“To kind of see that dream go down the way it did, it kinda hurt me. It hurt me a bit.”

Bromell remembers he “hopped on a plane, saw some docs, got some scans,” and the ultimate diagnosis, he wants the record set straight, was a bone spur. His Achilles was intact. He underwent surgery and with hindsight, while not “taking away from [his surgeon’s] knowledge,” Bromell believes he stayed excessively inactive, in a boot for 2 months, and the immobility caused scar tissue to effectively lock his Achilles to the bone.

A discouraging cycle of one race in ’17, a 10.22 heat at the USATF Champs, and another surgery to detach his Achilles from the bone, clean out the scar tissue and “basically start all over again” followed.

“It was very hard just trying to stay motivated and watching everything and seeing track go by,” Bromell admits. “It was definitely a dark time where I was just thinking, ‘Maybe this is just not my life anymore, maybe it’s done. Maybe I had what I had, there is no way of coming back from this.’” But Ford “and the staff at Baylor, they’re like family,” Bromell says. “So they kept me up to be able to still wake up and come out and do what we needed to do to get this thing moving.”

Unable to sprint in 2018, Bromell returned to racing in June of ’19 with a 10.57 in Jamaica. By this time he had weathered five major setbacks in his career including three in his time at Gibbs High (St. Petersburg, Florida): “In 2008 I broke my right knee, in 2009 I broke my left knee. In 2010 I broke my hip in the middle of a track meet. I was just coming out of the blocks and my hip just broke. It wasn’t even a train hit my car or I fell off something. I came out of my drive phase and my hip just broke.”

The Kingston time read more like one of Bromell’s less spectacular high school races but he raced again in Montverde in July of ’19. His time in a heat there was 10.57. What the results didn’t show, Bromell says, is that he accelerated well and was leading at 70m when foot pain hit: “I had to slow down and everybody passed me.” He feels, “If the foot didn’t start hurting that could have probably been like a 10.2, which still would have been an eye-opener to a lot of people, obviously, from not being able to race in so many years.” He started the final later that day and 50m in an adductor yelped in pain and he had to pull up.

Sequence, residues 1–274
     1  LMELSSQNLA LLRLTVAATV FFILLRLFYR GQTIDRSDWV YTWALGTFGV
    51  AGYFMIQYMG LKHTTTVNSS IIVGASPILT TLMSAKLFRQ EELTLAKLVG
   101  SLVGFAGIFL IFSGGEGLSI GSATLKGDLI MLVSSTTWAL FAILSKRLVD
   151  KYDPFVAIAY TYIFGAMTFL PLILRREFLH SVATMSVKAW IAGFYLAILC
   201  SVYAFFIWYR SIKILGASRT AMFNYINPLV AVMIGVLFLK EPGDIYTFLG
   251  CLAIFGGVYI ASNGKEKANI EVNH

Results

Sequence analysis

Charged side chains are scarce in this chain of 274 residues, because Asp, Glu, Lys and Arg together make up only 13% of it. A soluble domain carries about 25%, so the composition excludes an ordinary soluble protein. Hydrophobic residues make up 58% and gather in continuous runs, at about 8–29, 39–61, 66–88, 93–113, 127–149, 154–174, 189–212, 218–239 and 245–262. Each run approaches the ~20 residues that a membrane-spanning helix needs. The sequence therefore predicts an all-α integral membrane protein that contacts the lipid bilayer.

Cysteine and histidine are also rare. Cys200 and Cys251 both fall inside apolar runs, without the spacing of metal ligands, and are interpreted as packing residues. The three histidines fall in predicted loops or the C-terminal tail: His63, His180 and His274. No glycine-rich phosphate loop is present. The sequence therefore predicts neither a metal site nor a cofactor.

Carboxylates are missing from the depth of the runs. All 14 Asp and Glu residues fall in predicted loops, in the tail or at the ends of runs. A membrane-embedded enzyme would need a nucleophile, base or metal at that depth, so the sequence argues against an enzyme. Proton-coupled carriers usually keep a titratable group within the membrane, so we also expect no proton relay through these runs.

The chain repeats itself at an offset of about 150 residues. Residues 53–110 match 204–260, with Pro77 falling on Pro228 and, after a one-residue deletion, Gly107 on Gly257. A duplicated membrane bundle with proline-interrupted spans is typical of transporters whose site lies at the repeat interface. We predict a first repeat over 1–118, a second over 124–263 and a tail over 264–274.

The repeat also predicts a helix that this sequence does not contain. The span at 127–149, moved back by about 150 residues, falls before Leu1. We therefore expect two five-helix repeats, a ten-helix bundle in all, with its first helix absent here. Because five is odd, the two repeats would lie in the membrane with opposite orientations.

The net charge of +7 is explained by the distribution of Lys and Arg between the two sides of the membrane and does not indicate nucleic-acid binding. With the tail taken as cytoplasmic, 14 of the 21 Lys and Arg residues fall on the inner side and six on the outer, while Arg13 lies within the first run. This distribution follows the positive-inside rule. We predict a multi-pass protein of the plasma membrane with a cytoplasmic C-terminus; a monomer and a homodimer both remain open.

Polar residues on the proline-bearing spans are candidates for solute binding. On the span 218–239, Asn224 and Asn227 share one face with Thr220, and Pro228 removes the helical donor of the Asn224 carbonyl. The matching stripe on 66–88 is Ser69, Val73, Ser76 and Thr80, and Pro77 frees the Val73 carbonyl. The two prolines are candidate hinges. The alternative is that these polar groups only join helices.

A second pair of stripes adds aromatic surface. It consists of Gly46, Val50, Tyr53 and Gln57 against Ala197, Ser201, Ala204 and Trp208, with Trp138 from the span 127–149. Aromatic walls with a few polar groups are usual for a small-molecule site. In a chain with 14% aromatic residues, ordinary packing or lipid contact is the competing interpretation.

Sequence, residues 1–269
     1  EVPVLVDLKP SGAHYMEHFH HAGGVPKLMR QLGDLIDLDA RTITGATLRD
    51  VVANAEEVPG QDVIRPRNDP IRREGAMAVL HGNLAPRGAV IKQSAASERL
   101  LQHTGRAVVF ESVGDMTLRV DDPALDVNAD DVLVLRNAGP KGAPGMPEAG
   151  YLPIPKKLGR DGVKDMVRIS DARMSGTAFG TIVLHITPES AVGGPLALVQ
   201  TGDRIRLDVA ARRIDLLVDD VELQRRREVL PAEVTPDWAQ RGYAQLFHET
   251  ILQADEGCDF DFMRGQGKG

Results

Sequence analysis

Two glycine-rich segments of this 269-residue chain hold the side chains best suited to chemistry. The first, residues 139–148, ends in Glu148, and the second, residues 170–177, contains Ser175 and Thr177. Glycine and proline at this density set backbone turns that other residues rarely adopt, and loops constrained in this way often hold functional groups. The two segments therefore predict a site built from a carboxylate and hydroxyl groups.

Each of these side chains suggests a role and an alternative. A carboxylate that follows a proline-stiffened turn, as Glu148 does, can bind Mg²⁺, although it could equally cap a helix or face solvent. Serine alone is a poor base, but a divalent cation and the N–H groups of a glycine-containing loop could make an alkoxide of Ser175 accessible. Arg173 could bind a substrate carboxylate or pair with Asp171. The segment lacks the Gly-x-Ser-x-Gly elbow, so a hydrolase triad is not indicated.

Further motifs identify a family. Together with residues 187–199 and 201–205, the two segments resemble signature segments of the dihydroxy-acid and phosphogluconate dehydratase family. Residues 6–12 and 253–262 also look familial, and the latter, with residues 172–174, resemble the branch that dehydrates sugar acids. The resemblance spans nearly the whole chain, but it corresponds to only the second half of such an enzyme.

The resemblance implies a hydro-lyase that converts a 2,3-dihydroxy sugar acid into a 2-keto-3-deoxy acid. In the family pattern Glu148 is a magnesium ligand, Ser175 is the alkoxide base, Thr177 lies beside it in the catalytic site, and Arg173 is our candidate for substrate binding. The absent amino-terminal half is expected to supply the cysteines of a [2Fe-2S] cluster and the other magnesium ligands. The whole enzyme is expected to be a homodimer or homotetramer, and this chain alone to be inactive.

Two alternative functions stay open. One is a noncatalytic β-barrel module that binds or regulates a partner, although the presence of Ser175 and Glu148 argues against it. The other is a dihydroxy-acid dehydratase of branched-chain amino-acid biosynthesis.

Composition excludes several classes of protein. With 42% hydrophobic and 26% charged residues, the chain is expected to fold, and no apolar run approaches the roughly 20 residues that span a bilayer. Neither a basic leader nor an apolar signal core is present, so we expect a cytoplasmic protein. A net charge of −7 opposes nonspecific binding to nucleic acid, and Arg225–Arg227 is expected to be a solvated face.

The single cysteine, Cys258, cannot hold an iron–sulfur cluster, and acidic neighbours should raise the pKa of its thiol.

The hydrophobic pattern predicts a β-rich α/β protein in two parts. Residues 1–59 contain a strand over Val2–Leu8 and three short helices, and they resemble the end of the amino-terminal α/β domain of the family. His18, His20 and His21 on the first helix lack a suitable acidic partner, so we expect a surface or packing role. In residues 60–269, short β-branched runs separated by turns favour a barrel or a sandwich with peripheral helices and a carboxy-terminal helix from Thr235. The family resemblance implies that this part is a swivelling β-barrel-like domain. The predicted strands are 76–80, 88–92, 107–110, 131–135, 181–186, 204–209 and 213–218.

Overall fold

Bromell says, “That was actually the last meet I had under Coach Ford. We talked and I just felt like I needed to go somewhere and just get a new beginning, get different resources. I love Baylor to death and they did all they could. I felt like if I had to ask them for more, I would be selfish. It was a blessing, you know, they definitely gave me the best years of my college career and loved me like no other, because obviously I’m from Florida, I left my mom and my family, I came to Texas where I knew nobody and gained a family. So I definitely appreciate them.”

Last summer, though, Bromell flew to Canada and during the northern neighbor’s Worlds Trials met with noted pro coach Rana Reider, who currently trains Christian Taylor, De Grasse, Omar McLeod and an international group of elites in Jacksonville which now includes Bromell. “I told him about my life,” Bromell says. “I told him why this is so important to me. It’s bigger than me and there’s something greater in this story that needs to be told. And I think he could tell he wasn’t just getting a kid that was going to be a waste of his time.

“Even if the world told him that I was, I think he sees something different, and it’s definitely still a work in progress.”

Progress back to 10.04 so far. “I’ve always my whole life had to work more and harder than everyone else,” Bromell says, “because I’m not the biggest guy, I’m not the tallest guy. [5-8¾/157 {1.75/71}] So I’ve always had to work twice as hard as anybody else.”

After he has worked some more, Bromell promises he’ll have more to report.